TFB REVIEW: Alien Gear ShapeShift Ankle Holster

    One of my other jobs requires me to carry a secondary firearm, and I have historically worn it in an ankle holster. I have had an ankle holster for somewhere just shy of a thousand years that I have carried everything from a Kel-Tec PF9 to an XDS to my current BUG, a S&W M&P Shield. When I got the notice for the Alien Gear ShapeShift Ankle Holster, in my inbox, I was definitely intrigued. Alien Gear was kind enough to send me out a review holster which I have been wearing on duty since February.

    Construction

    Per Alien Gear’s website, the holster is designed for people that “sit for long periods every day, or would prefer to keep their waistline free” and:

    • Has a special streamlined design that enhances concealability and allows you to carry with full-size guns.
    • Is made up of two pieces that work together to provide support and prevent slipping or moving.
    • Uses unique and durable materials are immediately ready to use—no break-in time
    The lower wrap on top, the upper wrap with my M&P Shield. Note the “spine” on the lower right of the holster, complete with little alien head.

    The lower wrap on top, the upper wrap with my M&P Shield. Note the “spine” on the lower right of the holster, complete with little alien head.

    The entire system is actually several components. First, you have the shell that is molded for your particular gun (in my case I got the one for the S&W M&P Shield).

    The shell attaches to a “thermo elastomer” plate that has a spine jutting from the bottom. The plate is connected to the “upper wrap” which is ultimately what secures the gun in place around your lower leg.

    The holster is super easy to adjust with that locking nut. You don’t need tools.

    The holster is super easy to adjust with that locking nut. You don’t need tools.

    The plate and holster can be adjusted in six different positions so you can tweak the ride height (to adjust for different footwear or comfort).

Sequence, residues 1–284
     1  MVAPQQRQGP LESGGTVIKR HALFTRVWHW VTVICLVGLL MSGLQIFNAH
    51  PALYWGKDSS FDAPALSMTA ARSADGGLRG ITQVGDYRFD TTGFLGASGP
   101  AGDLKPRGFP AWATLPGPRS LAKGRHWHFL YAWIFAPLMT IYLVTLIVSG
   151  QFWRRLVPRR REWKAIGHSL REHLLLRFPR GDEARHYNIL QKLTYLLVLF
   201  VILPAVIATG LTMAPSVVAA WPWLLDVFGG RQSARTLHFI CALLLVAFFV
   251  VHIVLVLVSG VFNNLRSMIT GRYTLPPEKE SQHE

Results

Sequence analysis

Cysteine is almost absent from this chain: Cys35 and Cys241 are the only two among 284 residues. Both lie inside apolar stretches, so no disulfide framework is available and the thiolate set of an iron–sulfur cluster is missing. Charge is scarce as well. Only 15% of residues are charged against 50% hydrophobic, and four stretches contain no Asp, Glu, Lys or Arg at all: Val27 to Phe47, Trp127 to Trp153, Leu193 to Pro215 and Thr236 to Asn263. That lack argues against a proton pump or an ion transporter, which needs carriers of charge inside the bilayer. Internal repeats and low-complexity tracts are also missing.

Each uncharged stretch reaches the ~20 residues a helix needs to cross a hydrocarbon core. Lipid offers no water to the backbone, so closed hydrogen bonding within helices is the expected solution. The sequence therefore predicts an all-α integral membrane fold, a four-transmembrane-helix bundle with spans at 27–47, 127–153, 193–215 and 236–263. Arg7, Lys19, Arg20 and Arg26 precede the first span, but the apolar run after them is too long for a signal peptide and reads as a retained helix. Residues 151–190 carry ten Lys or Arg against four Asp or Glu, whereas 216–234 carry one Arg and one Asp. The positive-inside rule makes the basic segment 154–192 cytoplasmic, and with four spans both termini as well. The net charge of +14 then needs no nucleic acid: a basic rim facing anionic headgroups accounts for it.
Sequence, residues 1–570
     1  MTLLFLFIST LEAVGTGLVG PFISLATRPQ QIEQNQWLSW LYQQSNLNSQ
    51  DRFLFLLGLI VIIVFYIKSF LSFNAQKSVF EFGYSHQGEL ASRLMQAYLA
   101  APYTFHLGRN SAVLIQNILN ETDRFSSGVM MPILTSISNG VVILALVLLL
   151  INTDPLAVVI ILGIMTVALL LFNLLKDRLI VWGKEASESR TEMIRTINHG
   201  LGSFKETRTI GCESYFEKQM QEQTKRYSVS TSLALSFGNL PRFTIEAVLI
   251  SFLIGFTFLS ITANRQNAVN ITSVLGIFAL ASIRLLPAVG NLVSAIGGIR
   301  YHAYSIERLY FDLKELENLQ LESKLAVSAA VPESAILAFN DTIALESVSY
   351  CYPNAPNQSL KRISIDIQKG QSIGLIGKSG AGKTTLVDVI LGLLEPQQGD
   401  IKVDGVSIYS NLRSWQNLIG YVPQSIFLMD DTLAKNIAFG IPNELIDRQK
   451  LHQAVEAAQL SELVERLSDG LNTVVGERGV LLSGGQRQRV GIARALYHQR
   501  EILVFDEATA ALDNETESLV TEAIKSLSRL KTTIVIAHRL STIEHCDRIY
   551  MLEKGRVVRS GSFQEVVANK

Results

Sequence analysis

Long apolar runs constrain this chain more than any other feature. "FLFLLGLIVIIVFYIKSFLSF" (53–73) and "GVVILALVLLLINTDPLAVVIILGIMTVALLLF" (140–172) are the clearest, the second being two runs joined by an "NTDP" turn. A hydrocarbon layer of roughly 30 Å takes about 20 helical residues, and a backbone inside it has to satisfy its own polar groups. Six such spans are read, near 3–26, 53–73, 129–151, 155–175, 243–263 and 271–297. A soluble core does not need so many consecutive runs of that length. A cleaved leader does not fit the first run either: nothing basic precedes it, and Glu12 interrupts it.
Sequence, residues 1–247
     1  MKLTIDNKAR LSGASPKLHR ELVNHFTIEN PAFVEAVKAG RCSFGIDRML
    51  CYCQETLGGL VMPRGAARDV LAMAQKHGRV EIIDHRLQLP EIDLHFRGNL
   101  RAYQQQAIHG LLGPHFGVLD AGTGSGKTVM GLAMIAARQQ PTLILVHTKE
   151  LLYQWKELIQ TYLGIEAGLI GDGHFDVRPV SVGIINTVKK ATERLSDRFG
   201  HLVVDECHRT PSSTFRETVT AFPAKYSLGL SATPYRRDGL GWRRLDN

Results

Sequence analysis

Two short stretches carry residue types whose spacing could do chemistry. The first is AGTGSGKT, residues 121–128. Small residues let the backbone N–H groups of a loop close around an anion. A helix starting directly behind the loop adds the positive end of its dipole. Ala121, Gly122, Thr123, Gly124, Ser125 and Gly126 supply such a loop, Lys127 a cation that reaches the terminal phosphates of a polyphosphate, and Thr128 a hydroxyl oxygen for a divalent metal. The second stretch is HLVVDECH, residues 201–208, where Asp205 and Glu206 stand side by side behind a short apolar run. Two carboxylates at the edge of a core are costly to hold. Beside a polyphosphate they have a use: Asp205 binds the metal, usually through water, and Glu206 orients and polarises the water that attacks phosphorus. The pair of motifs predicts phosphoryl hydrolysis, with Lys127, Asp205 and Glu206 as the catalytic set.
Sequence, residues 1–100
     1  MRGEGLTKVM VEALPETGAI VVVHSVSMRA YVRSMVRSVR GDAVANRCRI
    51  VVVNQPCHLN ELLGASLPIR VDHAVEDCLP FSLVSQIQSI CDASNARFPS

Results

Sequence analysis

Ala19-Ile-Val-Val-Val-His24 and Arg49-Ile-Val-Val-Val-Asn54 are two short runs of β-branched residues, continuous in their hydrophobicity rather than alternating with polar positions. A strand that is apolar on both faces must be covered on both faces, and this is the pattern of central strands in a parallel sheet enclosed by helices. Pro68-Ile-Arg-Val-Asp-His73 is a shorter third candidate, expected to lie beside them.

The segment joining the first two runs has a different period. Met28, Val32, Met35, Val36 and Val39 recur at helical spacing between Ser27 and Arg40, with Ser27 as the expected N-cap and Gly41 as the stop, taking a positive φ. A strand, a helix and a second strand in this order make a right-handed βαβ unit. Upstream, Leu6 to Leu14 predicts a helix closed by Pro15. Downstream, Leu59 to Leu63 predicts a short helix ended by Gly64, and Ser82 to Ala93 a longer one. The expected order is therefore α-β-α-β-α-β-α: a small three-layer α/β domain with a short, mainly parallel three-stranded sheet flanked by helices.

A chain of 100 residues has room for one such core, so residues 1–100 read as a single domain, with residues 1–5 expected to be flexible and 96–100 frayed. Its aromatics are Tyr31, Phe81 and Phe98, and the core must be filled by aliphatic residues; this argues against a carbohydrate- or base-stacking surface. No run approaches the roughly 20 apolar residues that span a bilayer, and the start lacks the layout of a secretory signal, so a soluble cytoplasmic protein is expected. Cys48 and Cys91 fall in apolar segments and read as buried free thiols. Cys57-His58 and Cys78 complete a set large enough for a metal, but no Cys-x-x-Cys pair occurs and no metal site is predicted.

The final component is the “lower wrap” which is a piece of neoprene that basically hooks around the heel of your foot and has a retention strap that wraps around your ankle. This is the first piece you are supposed to put on.

    The Alien Gear ShapeShift Ankle Holster forms a nice compact package (aside from the alignment spine).

    The Alien Gear ShapeShift Ankle Holster forms a nice compact package (aside from the alignment spine).

    Together this upper and lower wrap are designed to work together to keep the holster from sliding around your leg or down from your preferred carry height.

    The wraps themselves are made of a trademarked neoprene called CoolVent, and the hook and loop used to secure the wraps are low profile.

    Observations

    When I first got the Alien Gear ShapeShift Ankle Holster, the first thing I did was to ignore the instructions and try to figure it out. It was fairly intuitive, but a couple of tweaks would have made things easier (which I didn’t figure out until, you got it, I read the instructions).

    The relevant pieces of my uniform are Vertx Phantom LT Pants, 5.11 A.T.A.C. 6” Side Zip Boots, and Darn Tough Wool Socks. The height of the boots and the thickness of the socks are very important for how your holster will ultimately ride.

    I first checked the fit of the gun to the holster and it was very secure, satisfyingly clicking in place. A gentle shake test confirmed that it definitely had enough base tension to hold the firearm. The holster has the ability to adjust the tension, but it was already set exactly where I would have put it.

    The upper and lower have a “side”. On the bottom of the lower wrap you can see a reinforced area. This is the pocket where the spine rests.

    The upper and lower have a “side”. On the bottom of the lower wrap, you can see a reinforced area. This is the pocket where the spine rests.

    I pulled on my sock and put on the lower wrap. It is important to note that you order the holster for a “side”. It was not very clear to me what that meant in relation to the holster, but I assumed it was the side of the leg it would be on (opposed to which leg). I was happy to confirm that this was the case. In most of the literature and videos I had seen about the holster, it always showed placement on the outside of the leg. I wear my BUG on the inside of my opposite leg. I find that is more comfortable, bangs into less stuff, and allows me to access with either hand—it is a “back up gun” after all. The upper wrap of the holster and the lower wrap are definitely designed to work on one side only, as the spine on the upper needs to seat in the pocket on the lower. Anyway, I seated my heel in the cutout and secured the wrap with the hook and loop strap.

    I then mounted the upper by feeding the spine into the designated pocket, and wrapping the neoprene strap around my ankle and further around the shell holding the gun in place. I found it was much easier to already have the gun seated in the holster rather than put the holster on and try to secure the gun.